As already stated – and as, I’m sure, is the case with all of you – I have a To Read Least far longer than my arm and ever-growing, so after each book I spend ages browsing my shelves and piles, or poring over my Kindle’s menu page, like Buridan’s Donkey – with far too many pails of water and stacks of hay. This time, the process was made even slower by the fact that I’m readingreadingreading up for my new play-to-be, so that my leisure reading time is rather reduced…
Well, anyway, last night I decided to give a try to a novel about Irish leader Robert Emmet. I have some interest in the character and period, but know little enough about both – except that I recently read Dion Boucicault’s entertainingly overblown 1884 play on the same subject. So, why not try a (purportedly far more accurate) novel? So I began Tread Softly etc with every intention of liking it, and…
I did not. Or at least… I don’t think there’s much wrong with the gentle pace and old-fashioned writing – I usually like the sort – but by page twenty I’d had enough of the author’s obvious hero-worship of her protagonist. Still a teenager, young Emmet was showing such a degree of perfection that it was too much for me. It is entirely possible that things would have grown better with some persistence, and perhaps I’ll go back to the novel later, when I’m… oh, I don’t know. The fact is that right now I’m not spending my limited reading time with gentle, soft-spoken, intelligent, determined, brave, wise-beyond-their-years, determined, elegant in mind and body and whatnot fifteen-years old.
Which is how, by one of those leaps of logic, I turned to Jessie Burton’s The Miniaturist – and found an entirely different kind of book. The writing is dense, with a certain timeless quality to it and a fine rhythm. The characters are wonderfully drawn, the details are rich, and sharp, and vivid, so that 17th Century Amsterdam jumps out of the page, with the clarity and cold light of a Dutch painting, and the present tense narration provides the whole with a sense of growing tension. Lovely. I was soon captured – and there is my next read. A read of the sort one can’t wait to go back to. And well – it’s early pages, and I know by bitter experience that plenty can go wrong before the ending. Let us say that, if things keep up as the seem to promise so far, The Miniaturist is very likely to give me book-lag when I’ve finished it.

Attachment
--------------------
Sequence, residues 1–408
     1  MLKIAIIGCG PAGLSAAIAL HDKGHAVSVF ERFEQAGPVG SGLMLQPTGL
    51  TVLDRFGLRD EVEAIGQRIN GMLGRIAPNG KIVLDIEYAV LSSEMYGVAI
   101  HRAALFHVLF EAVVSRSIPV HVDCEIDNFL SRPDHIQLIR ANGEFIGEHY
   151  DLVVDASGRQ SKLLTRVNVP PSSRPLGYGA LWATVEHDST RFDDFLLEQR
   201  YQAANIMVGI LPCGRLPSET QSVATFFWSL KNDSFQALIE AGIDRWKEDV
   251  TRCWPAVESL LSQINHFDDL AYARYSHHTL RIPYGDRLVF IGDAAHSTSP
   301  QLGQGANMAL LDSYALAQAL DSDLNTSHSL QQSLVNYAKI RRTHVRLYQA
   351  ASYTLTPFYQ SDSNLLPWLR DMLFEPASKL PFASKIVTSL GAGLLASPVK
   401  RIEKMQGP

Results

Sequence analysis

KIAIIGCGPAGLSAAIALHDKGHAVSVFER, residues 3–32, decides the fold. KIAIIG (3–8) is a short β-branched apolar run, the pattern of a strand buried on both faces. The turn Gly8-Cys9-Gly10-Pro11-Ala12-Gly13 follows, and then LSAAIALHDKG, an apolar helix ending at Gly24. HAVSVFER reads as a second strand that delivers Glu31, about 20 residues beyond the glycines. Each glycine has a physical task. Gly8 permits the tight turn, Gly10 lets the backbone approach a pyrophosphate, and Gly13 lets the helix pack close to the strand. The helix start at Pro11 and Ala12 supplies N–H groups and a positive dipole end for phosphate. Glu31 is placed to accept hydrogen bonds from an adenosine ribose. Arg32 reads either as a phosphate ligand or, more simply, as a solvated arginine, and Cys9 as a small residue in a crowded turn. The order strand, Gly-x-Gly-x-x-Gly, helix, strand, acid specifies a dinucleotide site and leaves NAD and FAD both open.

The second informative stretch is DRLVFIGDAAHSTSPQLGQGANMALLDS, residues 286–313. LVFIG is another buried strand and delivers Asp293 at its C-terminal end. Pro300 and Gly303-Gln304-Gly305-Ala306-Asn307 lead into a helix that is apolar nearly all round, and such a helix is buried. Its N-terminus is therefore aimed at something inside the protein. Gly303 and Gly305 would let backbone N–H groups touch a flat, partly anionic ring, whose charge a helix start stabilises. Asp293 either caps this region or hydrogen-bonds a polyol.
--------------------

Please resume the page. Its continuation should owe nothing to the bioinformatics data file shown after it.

And because this is the effect I’d love to produce in my readers (who wouldn’t?), I began to think about my own novel-in-progress. Am I making my hero insufferable in some way? I’m rather sure he is far from too perfect – but is there something else that might make it hard for the reader to like him? Am I writing to safely? Too Elizabethanishly, I’ve been told, and tried to remedy – but is the language effective, and distinct, and vivid? And how about my setting’s details? Am I using the right ones? Am I using them right? Am I conveying not just a convincing sense of Elizabethan London – but an engaging one?
Ah well – this might as well be a case of what David Corbett was discussing in the article I mentioned in Tuesday’s post. Perfect, don’t you think? Now I am, most definitely, inspired to emulation.
What was the last book that inspired you in this way?
I think I already told you about Writer Unboxed, a lovely writerly site, full of good ideas, thought-provoking questions, fine articles, practical wisdom, and so on.
Well, today on WU, David Corbett posed the question of reading or not reading while writing. He begins by observing that many writers seem to prefer not to – to avoid the risk of imitation, mostly – and then goes on to make a very convincing case for the opposite course of action. Continue reading